Last Updated: May 31, 2022
There are many birding destinations where you can spot Florida hawks.
At the Big Cypress National Preserve and Apalachicola National Forest.
Some raptors breed in the state, while others come for shelter during winter. Further, some species have made FL home. Carry pictures of these raptors to make their identification exciting and informative.
So which hawks await you? Read on!
- Florida Hawk Species
- Frequently Asked Questions About Hawks Of Florida
- Watch This!
- Final Thoughts
Florida Hawk Species
1. Red-Shouldered Hawk
It's a resident of FL, so you'll spot it any time of the year. But, you have to visit woodlands, swamps, and marshes to see them. Luckily, this raptor reuses a nest, so it's easy to spot when nesting.
Even better, there are many red-shouldered hawks in this state, so you'll always spot one whenever you go birding. It rarely chases birds; instead, it feeds on frogs, grasshoppers, crickets, and snakes.
2. Red-Tailed Hawk
It lives all year round in the southern states, and during the breeding season, it moves to the northern states. Hence, it's the one you'll see more often in FL, even when driving across the countryside.
The red-tailed hawk soars high over farm fields and perches on telephone poles to watch small mammals below. It eats various rodents like rabbits, squirrels, and mice.
It's a red-tailed hawk if they're broad and rounded. Also, it should have a brick-colored tail, a dark brown back, and a light, streaked underbelly. Note, some birds are paler than others.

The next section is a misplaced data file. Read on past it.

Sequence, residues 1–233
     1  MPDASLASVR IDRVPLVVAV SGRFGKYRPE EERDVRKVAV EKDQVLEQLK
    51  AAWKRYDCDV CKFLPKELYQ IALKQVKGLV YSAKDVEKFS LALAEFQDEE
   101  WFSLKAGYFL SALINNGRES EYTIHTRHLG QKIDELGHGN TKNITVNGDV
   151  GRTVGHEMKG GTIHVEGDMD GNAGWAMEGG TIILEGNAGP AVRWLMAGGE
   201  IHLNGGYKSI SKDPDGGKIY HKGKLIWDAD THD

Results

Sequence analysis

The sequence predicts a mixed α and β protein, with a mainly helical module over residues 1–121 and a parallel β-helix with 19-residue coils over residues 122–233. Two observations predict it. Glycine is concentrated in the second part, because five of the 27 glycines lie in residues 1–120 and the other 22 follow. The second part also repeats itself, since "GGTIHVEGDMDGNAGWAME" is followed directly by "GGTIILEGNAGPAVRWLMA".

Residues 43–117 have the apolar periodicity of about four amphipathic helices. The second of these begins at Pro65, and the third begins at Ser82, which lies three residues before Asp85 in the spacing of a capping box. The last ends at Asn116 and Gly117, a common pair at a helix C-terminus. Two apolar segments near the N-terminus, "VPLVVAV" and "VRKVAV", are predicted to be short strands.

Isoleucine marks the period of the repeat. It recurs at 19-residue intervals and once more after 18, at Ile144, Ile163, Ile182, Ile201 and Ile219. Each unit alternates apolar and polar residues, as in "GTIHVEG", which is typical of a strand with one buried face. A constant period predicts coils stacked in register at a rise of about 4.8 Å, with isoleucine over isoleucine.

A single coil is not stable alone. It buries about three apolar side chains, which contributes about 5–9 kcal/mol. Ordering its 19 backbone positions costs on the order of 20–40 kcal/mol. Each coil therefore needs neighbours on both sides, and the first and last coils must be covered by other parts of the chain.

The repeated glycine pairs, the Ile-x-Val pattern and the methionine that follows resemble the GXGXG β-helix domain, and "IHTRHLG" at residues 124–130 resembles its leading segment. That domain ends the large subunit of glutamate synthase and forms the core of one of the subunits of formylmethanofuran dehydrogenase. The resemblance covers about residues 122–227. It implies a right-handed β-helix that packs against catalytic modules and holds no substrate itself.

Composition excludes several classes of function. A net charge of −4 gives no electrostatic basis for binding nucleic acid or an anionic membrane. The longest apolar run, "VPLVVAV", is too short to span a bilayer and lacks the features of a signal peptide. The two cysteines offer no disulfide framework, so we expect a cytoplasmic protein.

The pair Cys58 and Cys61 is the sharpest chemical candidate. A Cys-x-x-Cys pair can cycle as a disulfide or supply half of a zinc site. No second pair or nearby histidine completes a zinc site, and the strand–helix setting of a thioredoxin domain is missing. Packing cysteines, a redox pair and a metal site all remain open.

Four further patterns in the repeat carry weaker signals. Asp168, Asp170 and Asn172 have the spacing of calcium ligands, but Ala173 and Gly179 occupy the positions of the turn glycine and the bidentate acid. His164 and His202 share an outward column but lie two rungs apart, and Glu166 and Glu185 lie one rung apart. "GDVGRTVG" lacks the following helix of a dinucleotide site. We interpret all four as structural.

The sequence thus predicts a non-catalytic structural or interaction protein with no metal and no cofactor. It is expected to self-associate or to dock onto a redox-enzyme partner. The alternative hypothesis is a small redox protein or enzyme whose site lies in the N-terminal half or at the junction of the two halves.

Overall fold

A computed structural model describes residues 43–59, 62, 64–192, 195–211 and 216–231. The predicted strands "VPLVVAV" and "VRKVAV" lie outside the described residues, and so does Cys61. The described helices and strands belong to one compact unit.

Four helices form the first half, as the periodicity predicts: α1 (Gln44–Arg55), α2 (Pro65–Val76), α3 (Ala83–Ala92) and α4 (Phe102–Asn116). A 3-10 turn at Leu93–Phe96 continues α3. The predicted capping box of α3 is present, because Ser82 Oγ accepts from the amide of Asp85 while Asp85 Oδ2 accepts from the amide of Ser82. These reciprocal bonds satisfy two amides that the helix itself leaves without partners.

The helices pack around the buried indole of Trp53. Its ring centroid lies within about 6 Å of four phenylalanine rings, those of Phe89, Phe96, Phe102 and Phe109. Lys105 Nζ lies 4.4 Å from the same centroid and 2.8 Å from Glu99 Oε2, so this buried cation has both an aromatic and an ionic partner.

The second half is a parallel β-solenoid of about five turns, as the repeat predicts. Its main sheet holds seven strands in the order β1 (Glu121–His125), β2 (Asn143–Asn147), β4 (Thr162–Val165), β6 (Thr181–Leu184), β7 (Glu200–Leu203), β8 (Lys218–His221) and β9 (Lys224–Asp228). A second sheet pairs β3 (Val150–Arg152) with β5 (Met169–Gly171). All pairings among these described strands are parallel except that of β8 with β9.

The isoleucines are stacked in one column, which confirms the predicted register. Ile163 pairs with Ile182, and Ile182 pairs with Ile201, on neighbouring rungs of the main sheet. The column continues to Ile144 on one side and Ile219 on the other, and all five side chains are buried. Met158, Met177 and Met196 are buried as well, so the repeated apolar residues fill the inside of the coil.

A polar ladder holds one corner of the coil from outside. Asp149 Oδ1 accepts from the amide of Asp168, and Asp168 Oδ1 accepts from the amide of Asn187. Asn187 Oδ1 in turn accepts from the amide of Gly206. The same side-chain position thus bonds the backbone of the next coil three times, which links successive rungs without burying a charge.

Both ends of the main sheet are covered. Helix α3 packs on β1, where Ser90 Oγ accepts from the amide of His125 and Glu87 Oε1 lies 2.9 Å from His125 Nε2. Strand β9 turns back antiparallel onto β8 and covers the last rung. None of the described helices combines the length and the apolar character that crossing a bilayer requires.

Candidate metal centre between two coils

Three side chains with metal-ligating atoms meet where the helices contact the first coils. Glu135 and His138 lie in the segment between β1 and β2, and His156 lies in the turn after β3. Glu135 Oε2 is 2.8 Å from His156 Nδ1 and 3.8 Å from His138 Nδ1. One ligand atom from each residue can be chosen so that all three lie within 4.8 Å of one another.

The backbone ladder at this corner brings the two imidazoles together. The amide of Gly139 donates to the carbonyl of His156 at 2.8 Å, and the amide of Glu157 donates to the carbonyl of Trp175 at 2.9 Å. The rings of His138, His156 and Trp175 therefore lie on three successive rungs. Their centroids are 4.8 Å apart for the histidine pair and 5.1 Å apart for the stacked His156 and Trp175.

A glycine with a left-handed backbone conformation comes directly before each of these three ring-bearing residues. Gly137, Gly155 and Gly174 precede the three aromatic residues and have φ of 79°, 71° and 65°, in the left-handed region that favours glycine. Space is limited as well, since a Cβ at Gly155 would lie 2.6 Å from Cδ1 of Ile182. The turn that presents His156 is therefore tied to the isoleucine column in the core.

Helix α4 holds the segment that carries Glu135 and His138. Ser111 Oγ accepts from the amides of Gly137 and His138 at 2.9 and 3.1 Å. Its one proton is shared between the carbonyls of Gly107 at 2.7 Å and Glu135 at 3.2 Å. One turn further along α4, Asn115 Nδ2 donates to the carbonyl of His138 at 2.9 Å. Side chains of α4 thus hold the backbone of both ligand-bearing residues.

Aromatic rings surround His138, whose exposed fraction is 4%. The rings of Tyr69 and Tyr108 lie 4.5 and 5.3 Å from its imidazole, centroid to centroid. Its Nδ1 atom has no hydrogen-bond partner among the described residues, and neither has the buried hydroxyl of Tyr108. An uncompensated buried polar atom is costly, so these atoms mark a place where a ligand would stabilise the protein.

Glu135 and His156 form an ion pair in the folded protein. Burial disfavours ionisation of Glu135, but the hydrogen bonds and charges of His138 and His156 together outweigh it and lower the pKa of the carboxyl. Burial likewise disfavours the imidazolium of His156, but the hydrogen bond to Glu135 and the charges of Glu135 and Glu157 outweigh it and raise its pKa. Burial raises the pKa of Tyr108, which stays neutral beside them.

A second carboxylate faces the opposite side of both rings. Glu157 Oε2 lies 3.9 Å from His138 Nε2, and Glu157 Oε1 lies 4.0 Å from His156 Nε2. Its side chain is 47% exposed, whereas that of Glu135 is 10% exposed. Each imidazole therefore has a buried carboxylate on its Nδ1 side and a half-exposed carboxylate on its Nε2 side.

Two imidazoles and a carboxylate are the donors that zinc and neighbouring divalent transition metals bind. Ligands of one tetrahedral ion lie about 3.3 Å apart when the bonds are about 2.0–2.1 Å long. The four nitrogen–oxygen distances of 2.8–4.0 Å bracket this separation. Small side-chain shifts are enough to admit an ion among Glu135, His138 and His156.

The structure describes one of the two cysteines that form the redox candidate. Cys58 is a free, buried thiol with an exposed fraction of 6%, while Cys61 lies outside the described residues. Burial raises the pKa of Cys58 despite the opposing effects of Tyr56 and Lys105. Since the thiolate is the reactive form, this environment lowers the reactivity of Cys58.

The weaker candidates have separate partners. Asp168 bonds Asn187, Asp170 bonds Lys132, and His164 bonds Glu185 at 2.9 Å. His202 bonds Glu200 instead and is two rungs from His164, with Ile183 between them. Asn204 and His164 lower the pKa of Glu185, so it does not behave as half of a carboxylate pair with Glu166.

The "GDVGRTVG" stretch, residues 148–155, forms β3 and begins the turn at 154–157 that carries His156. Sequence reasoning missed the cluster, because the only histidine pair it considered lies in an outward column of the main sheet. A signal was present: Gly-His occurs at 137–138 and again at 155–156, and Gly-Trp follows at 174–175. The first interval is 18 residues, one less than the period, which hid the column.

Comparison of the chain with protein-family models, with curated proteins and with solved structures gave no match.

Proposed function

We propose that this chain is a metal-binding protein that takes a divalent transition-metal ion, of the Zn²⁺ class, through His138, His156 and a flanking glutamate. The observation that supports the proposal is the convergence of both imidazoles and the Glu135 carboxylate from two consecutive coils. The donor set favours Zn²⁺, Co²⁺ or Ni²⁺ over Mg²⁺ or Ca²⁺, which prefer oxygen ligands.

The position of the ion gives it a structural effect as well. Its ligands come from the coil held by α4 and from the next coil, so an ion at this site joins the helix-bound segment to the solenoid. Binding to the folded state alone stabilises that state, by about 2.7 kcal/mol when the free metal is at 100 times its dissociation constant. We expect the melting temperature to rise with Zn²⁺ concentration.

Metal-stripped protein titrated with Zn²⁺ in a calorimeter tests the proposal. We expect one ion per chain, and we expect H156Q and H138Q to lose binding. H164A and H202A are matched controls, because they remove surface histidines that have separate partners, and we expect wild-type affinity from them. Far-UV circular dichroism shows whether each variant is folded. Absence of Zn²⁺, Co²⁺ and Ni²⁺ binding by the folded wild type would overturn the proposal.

The nesting season in FL starts around February and lasts for about four months.
3. Cooper's Hawk
This raptor has a dark crown that complements its light nape. The wings are dark-bluish, the underbelly is reddish and barred, while the tail has a white tip contrasting the dominant dark and light-gray colors on it.
But, juveniles have a brown back instead of a dark-gray one, and their underbelly is cream-colored.
This hawk lives in forests and woodlands, and it nests there or in residential areas. It prefers forests with deciduous and mixed-deciduous trees. For food, it hunts songbirds, reptiles, fish, and amphibians.
4. Northern Harrier
It breeds in the northern states, even nesting in Canada, but spends winter down south. That's when you can see it in Florida. Start your search in the open fields and marshes where the northern harrier hunts insects, frogs, birds, and snakes.
Further, this Florida hawk builds its nest on the ground within dense vegetation. The northern harrier has long wings with unfeathered legs. Its tail is also long, and males and females have some plumage differences.
The male has a grayish back with white, streaked underparts, while the female has a brown back and a streaked underbelly. The juveniles almost resemble the brown shade of the adult female, though darker. Its wingspan ranges from 40 to 47 inches, and its other names are harrier and marsh hawk.
Fun Fact: Hawks are popular (both the bird and the basketball team) and always at the forefront of many avian watchers. Did you know that this species is likewise on the list as one of the birds of Iowa?